Pioneering Digital Media in Education: Francis Parker School, an independent day school in San Diego, is at the other end of the resource spectrum (high school tuition is $26,000 per year). A column by Kevin Yaley, head of Francis Parker, popped up in my news feed this week. It’s worth noting that the students from Los Angeles are asking for the same opportunities Yaley is arguing that independent schools have a responsibility to provide:

Independent schools are in a prime position to pioneer the use of digital media in education; and because of this, they also have a responsibility to set a pro-active and forward-thinking example for other educators across the nation. At Francis Parker School, our leadership has always been passionate about pushing beyond the bounds of conventional education techniques and circumventing the borders of brick and mortar classroom walls: and in keeping with this philosophy, we are taking action to improve our students’ fluency in digital media through the integration of contemporary technology into our already diverse and comprehensive curriculum.

The way we see it, a communications education focused solely on traditional essay writing and public speaking skills leaves today’s students at a disadvantage when it comes to interaction within the global community. In the future – and even, in many respects, at this very moment – proficiency with social media outlets like Facebook, Twitter and blogs will play an essential role in the exchange of information sharing and development of ideas throughout the world at large. Thus, it is critical to bring these platforms into the classroom – and to teach using a variety of both contemporary and conventional methods in order to prepare our students for engaged and effective careers.

You Can’t Study Digital Media Without Computers: “Do you know what it requires to be a Digital Media student? Other than a lot of creativity and time, the complete Adobe Creative Suite is a must,” writes Honor Stewart, a student at Florida State College Jacksonville and layout editor of the Campus Voice Online.

The problem is, the two campuses that have the full suite of Adobe programs are at least 20 miles away. Individual ownership isn’t always practical—the cost is high, and users need a computer that can handle the software.
“So, a huge chunk of us have to find extra time around classes, part-time jobs and family life to drive back up to South Campus or Deerwood Center to finish homework,” writes Stewart.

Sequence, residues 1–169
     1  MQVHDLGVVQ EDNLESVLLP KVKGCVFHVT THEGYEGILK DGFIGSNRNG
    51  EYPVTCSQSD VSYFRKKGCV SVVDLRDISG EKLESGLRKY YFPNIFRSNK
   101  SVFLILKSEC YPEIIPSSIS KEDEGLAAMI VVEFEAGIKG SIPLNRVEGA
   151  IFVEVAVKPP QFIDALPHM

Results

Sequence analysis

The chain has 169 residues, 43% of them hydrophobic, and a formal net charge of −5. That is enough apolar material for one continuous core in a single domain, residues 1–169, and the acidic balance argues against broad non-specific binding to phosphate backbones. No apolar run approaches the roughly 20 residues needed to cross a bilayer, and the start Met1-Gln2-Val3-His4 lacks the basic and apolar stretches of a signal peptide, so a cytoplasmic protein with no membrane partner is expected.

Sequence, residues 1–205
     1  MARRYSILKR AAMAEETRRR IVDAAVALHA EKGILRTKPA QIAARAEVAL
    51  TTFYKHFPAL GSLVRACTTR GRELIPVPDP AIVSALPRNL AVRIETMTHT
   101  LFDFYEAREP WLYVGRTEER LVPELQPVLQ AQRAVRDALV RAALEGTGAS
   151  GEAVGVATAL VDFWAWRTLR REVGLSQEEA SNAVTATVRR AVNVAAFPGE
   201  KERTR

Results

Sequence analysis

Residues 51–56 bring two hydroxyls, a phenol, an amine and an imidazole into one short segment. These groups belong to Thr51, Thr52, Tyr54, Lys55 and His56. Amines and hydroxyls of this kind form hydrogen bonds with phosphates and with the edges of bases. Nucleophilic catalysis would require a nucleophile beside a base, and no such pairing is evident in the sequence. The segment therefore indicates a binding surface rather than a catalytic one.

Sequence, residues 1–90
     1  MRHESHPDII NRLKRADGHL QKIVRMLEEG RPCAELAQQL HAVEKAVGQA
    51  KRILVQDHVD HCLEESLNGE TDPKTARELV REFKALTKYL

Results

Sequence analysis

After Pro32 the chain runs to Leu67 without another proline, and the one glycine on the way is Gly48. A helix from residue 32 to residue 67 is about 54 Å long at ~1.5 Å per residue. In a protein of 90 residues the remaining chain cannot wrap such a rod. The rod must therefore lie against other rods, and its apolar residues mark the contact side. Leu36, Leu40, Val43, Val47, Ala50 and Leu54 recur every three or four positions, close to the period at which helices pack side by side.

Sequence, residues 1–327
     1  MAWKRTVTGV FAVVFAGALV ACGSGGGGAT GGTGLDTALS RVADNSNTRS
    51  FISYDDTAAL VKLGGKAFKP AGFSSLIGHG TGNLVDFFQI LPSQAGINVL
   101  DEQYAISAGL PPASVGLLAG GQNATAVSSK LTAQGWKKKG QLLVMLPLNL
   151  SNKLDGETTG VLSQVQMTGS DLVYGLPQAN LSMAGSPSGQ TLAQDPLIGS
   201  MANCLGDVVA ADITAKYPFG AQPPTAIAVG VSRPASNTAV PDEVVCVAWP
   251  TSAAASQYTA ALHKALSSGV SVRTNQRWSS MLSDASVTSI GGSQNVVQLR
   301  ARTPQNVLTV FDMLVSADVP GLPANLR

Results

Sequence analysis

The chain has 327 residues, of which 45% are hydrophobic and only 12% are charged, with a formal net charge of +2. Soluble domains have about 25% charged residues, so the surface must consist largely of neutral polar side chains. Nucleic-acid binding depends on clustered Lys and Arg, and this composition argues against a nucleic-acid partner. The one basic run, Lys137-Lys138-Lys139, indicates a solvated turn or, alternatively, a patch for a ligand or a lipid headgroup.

“As a full time student who has no job and very little gas money, it would be fantastic to have a lab at Kent with the full Adobe Suite and Maya in more than one lab. It would make getting work done a lot easier. If I had time to make picket signs, I would, and I assure you, the rest of the Digital Media students would be right behind me.”

Conference Highlights, Reflections: South by Southwest receives a good deal of attention for the bands and the tech speakers—but what about education? Based on the growing interest in SXSWedu, now in its second year, it’s not hard to imagine it competing for buzz. Take a look at the #SXSWedu tweets.

John Barilone, community manager of DMLcentral, covers the highlights of the three-day SXSWedu, including the keynoters, sessions and controversies. Here’s an excerpt from Barilone’s discussion of the Distinguished Speaker sessions featuring S. Craig Watkins (“Education in a World of Social and Technological Change”) and Jane McGonigal (“Learning is an Epic Win”).

Watkins kicked things off by looking at the profile of a future digital learner and insisting that we need to prepare for their arrival: “How do we begin to reimagine formal and informal learning environments that prepare to receive these future young learners?” he asked. “We have 21st century kids walking into 20th century classrooms.” (This quote struck a nerve, as it was Tweeted and ReTweeted repeatedly).

As an extension of his statement that “learning happens anywhere, anytime in today’s networked age,” Watkins walked the audience through the DML Research Hub’s new connected learning model and a simplified version of the related infographic that were introduced last week at DML2012

McGonigal set the energy level for her talk by getting each person in the room involved in a game of “massively multiplayer thumb wrestling.” It was definitely the most interesting and entertaining icebreaker I’ve ever seen/done. A renowned game designer, McGonigal is in the business of “taking games seriously” and grabbed the audience’s attention early with this statistic: by the time they are 21, the average person [presumably in the ‘Millennial’ generation] will have played 10,000 hours of video games. If combined with education in the classroom, McGonigal argued, this could help young people develop important skills and encourage them to achieve greater heights in global citizenship.

For more from DML2012, read Mimi Ito’s reflections on technology discussions and differences in approach to educational reform, along with my colleague Sarah’s take-aways and Spotlight’s Q&A with keynote speaker John Seely Brown.